Mitsubishi Motors (OTC: MMTOF) shares fell sharply after authorities raided facilities associated with the company’s German subsidiary on Tuesday over suspected diesel emissions fraud, according to Nikkei Asian Review.
German prosecutors raided ten business premises connected to the German subsidiary of Mitsubishi Motors as part of an investigation into allegations that the Japanese automaker installed illegal software on some of its diesel models to thwart emissions tests, German authorities said Tuesday.
Following the news, the company's stock dropped as much as 7% from Tuesday's close.
The probe mainly targeted Mitsubishi vehicles with 1.6-liter and 2.-liter four-cylinder diesel engines that meet Euro 5 and Euro 6 emissions standards, said the prosecutor’s office.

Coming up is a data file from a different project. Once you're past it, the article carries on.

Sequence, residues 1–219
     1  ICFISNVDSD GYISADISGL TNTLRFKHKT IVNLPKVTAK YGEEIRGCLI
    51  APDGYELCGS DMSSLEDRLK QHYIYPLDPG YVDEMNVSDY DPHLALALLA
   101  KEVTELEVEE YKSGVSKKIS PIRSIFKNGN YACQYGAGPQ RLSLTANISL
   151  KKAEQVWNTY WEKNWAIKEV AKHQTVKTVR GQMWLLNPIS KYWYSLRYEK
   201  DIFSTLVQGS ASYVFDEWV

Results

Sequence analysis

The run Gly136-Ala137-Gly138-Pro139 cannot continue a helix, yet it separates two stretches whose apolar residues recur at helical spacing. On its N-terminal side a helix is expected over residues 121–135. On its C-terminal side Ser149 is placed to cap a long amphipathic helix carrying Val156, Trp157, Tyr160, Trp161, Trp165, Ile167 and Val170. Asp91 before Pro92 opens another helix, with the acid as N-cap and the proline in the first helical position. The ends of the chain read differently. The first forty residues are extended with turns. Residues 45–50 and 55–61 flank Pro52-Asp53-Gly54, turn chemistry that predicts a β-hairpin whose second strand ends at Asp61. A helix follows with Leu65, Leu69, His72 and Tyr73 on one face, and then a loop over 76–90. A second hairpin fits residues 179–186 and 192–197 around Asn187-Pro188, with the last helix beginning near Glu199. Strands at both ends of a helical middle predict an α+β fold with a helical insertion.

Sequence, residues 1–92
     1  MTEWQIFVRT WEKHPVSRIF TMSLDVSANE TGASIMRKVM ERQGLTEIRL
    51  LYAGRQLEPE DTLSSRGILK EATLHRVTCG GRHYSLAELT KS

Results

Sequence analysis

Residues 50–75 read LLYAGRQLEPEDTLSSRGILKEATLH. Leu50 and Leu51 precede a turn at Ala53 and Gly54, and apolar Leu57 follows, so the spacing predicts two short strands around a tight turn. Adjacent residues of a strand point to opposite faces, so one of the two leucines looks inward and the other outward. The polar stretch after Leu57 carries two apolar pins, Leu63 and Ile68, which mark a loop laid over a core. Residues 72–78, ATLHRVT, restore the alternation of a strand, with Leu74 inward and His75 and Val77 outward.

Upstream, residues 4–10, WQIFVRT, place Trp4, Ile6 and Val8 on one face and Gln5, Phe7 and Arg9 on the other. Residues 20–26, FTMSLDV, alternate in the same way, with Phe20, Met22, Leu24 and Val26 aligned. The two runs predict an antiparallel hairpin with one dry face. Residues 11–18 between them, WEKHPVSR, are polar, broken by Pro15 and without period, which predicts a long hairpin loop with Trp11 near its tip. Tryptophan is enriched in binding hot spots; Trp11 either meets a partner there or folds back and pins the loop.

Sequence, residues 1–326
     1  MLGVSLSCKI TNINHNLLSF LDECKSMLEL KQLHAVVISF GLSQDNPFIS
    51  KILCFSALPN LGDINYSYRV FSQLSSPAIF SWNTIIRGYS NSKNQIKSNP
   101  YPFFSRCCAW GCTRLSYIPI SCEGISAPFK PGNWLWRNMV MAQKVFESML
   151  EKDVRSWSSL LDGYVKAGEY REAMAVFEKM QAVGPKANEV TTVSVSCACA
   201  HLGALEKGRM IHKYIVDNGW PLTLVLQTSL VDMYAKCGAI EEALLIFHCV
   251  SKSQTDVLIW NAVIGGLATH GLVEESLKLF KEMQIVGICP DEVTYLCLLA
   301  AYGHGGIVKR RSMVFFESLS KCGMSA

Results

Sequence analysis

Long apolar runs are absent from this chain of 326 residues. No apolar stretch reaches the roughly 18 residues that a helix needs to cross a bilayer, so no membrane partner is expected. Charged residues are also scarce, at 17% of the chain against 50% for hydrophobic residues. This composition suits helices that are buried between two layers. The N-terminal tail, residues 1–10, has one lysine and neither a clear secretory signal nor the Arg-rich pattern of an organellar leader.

“It is suspected that the vehicles contain so-called defeat devices that ensure that legal nitrogen-oxide emissions limits are kept during treadmill tests but not during real driving,” the German prosecutor Nadja Niesen told The Wall Street Journal.
Mitsubishi confirmed that prosecutors visited some of their facilities in Germany.
"We are collecting detailed information at this time," said a spokesperson of the company. "We will cooperate with the investigation,” he added.
Why It Matters
The German automaker later admitted that they committed the fraud and agreed to pay over $30 billion in fines and penalties.
Mitsubishi Motors shares closed at $3.96 with 4.19% loss on Tuesday, while Volkswagen AG’s stock decreased by 0.40% and closed at $200.28.
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